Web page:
Satellite Images Show Two Gigantic Icebergs Forming


Tom Hale

Tom is a writer in London with a Master's degree in Journalism whose editorial work covers anything from health and the environment to technology and archaeology.

Senior Journalist

1032 Satellite Images Show Two Gigantic Icebergs Forming
Radar image from the Sentinel-1A satellite. Copernicus Sentinel/ESA

Multiple satellites have captured the moment an ice shelf fractured and “gave birth” to two huge icebergs, one of which is around 10 kilometers (6 miles) long and the other 20 kilometers (12 miles).

The European Space Agency has released the images showing the Antarctic’s Nansen ice shelf earlier this month. They depict a fracture that occurred in a bay in the east of Antarctica, south of New Zealand, which spawned the two icebergs.  


The crack in the ice shelf was first noted in 1999, but has accelerated its growth since 2014, according to Massimo Frezzotti from Italy’s ENEA research organization. Researchers observed a particularly noticeable increase in size in early March, when the Antarctic’s winter comes in. The final push started on April 7, when two days of strong offshore winds managed to sever the icebergs from the ice shelf.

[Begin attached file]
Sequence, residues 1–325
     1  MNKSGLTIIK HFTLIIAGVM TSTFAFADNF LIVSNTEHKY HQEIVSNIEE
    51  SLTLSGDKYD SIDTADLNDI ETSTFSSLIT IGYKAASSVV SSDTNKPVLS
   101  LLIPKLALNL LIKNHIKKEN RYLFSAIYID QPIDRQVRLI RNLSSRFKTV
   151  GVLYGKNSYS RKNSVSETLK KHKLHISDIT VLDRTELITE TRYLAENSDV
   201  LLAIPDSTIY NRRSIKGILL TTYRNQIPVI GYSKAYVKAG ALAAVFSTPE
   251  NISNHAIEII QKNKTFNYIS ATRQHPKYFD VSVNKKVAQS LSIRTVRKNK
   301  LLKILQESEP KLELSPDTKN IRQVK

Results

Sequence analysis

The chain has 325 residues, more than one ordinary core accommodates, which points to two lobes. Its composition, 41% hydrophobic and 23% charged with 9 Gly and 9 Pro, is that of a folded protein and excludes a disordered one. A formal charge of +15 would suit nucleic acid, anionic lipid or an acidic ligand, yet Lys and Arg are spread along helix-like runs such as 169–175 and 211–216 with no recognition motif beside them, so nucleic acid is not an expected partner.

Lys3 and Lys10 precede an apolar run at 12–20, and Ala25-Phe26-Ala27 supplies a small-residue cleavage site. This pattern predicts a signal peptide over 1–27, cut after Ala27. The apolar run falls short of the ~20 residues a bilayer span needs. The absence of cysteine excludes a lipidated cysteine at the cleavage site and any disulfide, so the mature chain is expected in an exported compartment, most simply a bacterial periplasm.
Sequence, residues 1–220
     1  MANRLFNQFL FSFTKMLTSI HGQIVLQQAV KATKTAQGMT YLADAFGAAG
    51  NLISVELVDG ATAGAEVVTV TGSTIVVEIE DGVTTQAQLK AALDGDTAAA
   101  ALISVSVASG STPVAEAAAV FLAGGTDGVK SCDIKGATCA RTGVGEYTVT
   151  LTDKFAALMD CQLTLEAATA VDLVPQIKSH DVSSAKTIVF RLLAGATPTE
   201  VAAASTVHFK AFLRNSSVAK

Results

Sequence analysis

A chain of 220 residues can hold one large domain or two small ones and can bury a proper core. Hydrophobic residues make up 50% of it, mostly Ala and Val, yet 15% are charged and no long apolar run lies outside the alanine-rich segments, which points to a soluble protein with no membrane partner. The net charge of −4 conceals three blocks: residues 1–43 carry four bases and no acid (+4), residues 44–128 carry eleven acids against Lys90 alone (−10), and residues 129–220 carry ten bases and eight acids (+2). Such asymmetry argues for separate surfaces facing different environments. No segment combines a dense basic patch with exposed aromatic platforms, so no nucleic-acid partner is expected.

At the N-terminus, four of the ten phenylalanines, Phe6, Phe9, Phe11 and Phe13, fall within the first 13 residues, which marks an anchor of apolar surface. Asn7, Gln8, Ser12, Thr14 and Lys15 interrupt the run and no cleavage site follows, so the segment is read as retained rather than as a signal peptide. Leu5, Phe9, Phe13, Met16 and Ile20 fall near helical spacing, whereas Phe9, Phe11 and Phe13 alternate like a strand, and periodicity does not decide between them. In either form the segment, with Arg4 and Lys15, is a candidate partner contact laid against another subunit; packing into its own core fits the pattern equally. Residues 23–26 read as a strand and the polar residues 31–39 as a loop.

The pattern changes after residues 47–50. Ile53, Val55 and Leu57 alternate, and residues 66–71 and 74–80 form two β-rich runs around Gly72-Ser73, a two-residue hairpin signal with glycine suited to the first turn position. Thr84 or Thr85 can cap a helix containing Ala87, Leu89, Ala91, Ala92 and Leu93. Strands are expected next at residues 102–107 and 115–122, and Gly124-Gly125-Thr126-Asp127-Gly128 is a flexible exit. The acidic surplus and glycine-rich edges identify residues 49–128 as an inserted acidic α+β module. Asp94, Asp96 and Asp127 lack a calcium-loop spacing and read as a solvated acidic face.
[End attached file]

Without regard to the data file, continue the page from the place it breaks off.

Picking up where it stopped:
Throughout this process, Europe’s Sentinel-1A and 2A satellites, and NASA’s Terra satellite, have been keeping tabs on the situation, eventually managing to catch the money shot of the final split.


The two icebergs are now drifting north-eastwards, moved along by winds, tides and currents, although it’s not thought that they pose any threat to supply routes to the south pole.

This kind of activity is not as uncommon as you may think. Frezzotti explained in an ESA statement, “History has shown that major calving typically occurs about every 30 years. The crack opened because of a difference in the velocity of ice between the northern Priestley Glacier and southern Reeves Glacier fed portions of the ice shelf, caused by the southern part being hooked and pulled along by the faster moving Drygalski Tongue.”

A week's worth of radar image data captured by the Sentinel-1A satellite. Copernicus Sentinel/ESA


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